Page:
1. I used a nipple shield

I owe a lot of our breastfeeding relationship to the nipple shield. Though I’m still working on phasing it out, I’m not sure we would have been able to nurse without it. It allows Annalynn to latch a little easier and it’s actually a little comforting to see the milk build in the shield so I know baby girl is eating. I’ve already texted my cousin several times to thank her for the gift and for encouraging me to give it a try. It may be “frowned upon” in certain breastfeeding circles, but I am 100% pro-nipple shield.

  1. I gave Annalynn a pacifier

Heck, it soothed my baby and allowed her to calm herself down so she could eat/sleep. A stress reliever for baby is a big stress reliever for momma. And you know what? She won’t even take it anymore! It was like one day she decided she didn’t want it anymore and the only thing that will calm her is the boob. Talk about a complete 180! It just goes to show you how quickly babies change their minds – every day is a new adventure.

  1. I Googled for answers I made an appointment with a lactation consultant

I’ve said it before and I’ll say it again, making an appointment with a lactation consultant was one of the best decisions I’ve made thus far as a mom. She helped me see that all the things I thought I was doing “wrong” were actually things I had been doing right. She reminded me that Annalynn is learning to breastfeed, just like I am, and that takes time. She told me that’s it’s normal to go two steps forward and one step back, and encouraged me to continue to give it a go. Just when I was at my breaking point, she gave me the hope I needed.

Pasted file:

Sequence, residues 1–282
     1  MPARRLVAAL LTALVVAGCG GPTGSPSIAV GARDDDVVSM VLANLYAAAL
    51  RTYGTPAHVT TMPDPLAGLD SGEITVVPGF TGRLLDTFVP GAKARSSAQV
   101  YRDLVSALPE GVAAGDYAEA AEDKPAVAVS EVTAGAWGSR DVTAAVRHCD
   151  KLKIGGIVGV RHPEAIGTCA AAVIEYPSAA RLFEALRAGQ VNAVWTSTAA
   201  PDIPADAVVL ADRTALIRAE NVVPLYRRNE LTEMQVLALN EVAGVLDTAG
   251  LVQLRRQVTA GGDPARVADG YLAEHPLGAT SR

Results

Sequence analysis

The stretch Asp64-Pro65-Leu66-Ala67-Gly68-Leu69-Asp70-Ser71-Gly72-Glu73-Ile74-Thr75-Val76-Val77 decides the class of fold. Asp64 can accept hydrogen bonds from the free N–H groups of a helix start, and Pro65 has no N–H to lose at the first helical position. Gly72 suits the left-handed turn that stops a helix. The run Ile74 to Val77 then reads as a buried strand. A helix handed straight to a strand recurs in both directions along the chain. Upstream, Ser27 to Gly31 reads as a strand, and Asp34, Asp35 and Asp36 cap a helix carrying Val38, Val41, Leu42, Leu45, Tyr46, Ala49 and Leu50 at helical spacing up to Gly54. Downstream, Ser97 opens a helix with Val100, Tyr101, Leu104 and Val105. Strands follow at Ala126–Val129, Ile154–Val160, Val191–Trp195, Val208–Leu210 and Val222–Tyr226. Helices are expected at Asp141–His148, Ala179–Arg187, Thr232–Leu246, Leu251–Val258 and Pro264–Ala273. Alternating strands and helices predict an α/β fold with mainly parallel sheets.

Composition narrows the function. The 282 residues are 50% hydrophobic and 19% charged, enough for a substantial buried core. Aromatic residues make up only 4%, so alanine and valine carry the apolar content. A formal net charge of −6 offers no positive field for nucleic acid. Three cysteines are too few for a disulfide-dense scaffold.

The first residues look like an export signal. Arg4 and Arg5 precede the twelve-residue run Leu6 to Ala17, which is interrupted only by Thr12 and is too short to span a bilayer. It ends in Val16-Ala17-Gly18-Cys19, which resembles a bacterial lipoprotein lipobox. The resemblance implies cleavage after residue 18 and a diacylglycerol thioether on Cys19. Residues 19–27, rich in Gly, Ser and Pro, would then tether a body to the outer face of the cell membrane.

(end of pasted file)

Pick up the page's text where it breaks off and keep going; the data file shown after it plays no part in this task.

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Breastfeeding is beautiful and natural, but it ain’t easy. I know we still have quite a journey ahead of us and, to be honest, that scares the hell out of me. However, I’m up for the challenge and am looking forward to see how the rest of it plays out.

I plan to continue to post updates as our journey continues. Like I said, every day is a new adventure and who know what next month (or tomorrow!) may bring.

{ 50 comments… read them below or add one }

1 [email protected] October 23, 2015 at 10:19 am

Oh gosh, those first few weeks of breastfeeding are SO HARD. My husband would get up with me for feedings–he’d change her diaper and re-swaddle and then bring her to me for feeding… I remember one night just breaking down, sobbing, “I can’t do this!” but I also knew she needed to eat and just made myself keep going. We also introduced a pacifier early on, and bottles as well–I only had 6 weeks of maternity leave so we needed to get her used to it. Once we got past the first 2-3 weeks, breastfeeding was pretty easy… we had a couple of hiccups later on, but nothing too major. Congratulations on pushing through, and asking for help. You’re an awesome mama!